Philpost: Revive art of letter writing-A A +A
By JM Agreda
Thursday, October 10, 2013
CORRECT punctuation, grammar and spelling.
These are just among many benefits of writing letters, said Baguio educator Tess Macasinag in the recent 1st National Letter Writing Day conducted simultaneously in SM malls nationwide.
Among the many benefits of writing letters through the postal service are meaningful relationships, lasting friendships and more "personal" communication built by what most now believe is a dying art.
For Baguio City National High School student Dana Asuncion, improving one’s grammar and English writing skills are just among the gains she knows one could get from writing snail mails but admitted this is hardly the case for most students today.
During the program Wednesday morning, a mall executive asked students on how many are still writing letters to their loved ones and hardly a dozen students out of the estimated 150 raised their hands and acknowledged they still send mails through the post.
In the advent of mobile phone communication and the internet, Philpost North and West Luzon Director Joel Zamudio said most post offices in the country only get bills, private and public legal notices and government announcements.
Zamudio shared more than 50 percent of mail volume handled by Philpost dropped since the entry of new technology in the last decade.
Baguio postmaster Bernard Kub-aron agreed this trend of the unpopular snail mail has crippled their operations with budget cuts on personnel hiring and other expenses.
He said through these activities, letter writing and sending mails through the postal service would encourage the youth to still practice the traditional means of communication.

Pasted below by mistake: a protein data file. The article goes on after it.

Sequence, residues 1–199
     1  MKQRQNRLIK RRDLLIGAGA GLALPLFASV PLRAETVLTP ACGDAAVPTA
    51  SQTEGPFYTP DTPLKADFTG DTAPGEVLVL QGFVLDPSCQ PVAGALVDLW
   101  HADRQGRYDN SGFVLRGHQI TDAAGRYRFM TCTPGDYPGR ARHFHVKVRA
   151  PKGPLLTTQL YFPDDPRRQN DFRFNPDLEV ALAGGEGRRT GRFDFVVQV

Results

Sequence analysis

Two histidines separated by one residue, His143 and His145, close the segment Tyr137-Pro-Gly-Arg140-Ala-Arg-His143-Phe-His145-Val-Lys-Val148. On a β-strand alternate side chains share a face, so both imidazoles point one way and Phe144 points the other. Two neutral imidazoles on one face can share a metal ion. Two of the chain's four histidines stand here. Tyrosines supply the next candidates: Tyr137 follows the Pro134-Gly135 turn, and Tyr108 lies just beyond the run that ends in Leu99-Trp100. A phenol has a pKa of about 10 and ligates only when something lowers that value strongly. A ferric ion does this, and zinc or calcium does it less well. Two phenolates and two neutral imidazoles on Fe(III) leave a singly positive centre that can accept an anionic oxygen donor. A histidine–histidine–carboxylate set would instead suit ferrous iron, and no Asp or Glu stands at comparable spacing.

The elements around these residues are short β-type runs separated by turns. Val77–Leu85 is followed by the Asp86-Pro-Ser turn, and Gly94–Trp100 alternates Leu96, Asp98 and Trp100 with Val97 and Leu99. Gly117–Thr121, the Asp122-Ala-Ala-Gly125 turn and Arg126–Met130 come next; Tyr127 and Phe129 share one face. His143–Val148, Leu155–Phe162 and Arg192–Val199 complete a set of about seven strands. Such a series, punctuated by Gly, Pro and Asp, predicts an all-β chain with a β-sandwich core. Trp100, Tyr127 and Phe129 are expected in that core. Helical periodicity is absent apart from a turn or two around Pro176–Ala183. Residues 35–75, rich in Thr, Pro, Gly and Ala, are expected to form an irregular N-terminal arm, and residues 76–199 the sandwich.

The postmaster added additional earnings for Philpost means income for maintenance and operations expenses.
These expenses have resulted in the Philpost renting out spaces in their old building. This has led to an online petition asking for its declaration as heritage site and postal museum.
Zamudio, meanwhile, assured the petitioners they are taking action soon as exemplified in Postmaster General Josephine Dela Cruz’s order for studies on the building’s conversion to a postal museum.
But he stressed they have a different design for the museum as a One-Stop Shop for Baguio tourists where residents and visitors could snap a picture, turn it into a postcard and send it to their loved ones all over the country through the postal service. He also added the site could also be converted not only as a heritage museum but also as a site for tourists to learn the art of letter writing and the growth of the postal industry in the country.
Published in the Sun.Star Baguio newspaper on October 11, 2013.